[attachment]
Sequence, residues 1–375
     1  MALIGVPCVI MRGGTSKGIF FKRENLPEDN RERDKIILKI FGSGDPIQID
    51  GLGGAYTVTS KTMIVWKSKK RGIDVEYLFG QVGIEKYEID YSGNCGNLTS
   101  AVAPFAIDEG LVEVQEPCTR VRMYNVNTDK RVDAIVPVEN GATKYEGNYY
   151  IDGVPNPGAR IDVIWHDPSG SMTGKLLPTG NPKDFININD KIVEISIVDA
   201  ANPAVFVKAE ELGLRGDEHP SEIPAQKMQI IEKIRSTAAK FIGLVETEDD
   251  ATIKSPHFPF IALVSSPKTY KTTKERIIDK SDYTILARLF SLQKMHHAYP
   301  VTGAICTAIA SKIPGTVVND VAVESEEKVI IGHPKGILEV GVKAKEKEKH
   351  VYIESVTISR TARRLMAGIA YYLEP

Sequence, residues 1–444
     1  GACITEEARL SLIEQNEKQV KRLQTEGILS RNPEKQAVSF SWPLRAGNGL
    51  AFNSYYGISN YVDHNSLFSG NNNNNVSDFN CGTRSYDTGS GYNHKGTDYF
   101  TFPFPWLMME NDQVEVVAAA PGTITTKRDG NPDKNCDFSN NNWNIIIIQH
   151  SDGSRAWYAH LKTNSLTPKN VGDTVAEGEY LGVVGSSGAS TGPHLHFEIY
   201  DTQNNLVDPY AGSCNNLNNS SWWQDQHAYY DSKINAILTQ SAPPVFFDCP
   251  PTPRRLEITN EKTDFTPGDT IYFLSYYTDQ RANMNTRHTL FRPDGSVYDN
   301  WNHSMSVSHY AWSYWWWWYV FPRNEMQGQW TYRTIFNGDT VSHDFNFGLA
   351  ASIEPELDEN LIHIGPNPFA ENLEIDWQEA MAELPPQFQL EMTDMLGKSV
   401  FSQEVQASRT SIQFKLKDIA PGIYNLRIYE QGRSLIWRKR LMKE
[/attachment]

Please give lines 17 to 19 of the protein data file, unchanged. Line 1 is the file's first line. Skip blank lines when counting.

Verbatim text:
   301  WNHSMSVSHY AWSYWWWWYV FPRNEMQGQW TYRTIFNGDT VSHDFNFGLA
   351  ASIEPELDEN LIHIGPNPFA ENLEIDWQEA MAELPPQFQL EMTDMLGKSV
   401  FSQEVQASRT SIQFKLKDIA PGIYNLRIYE QGRSLIWRKR LMKE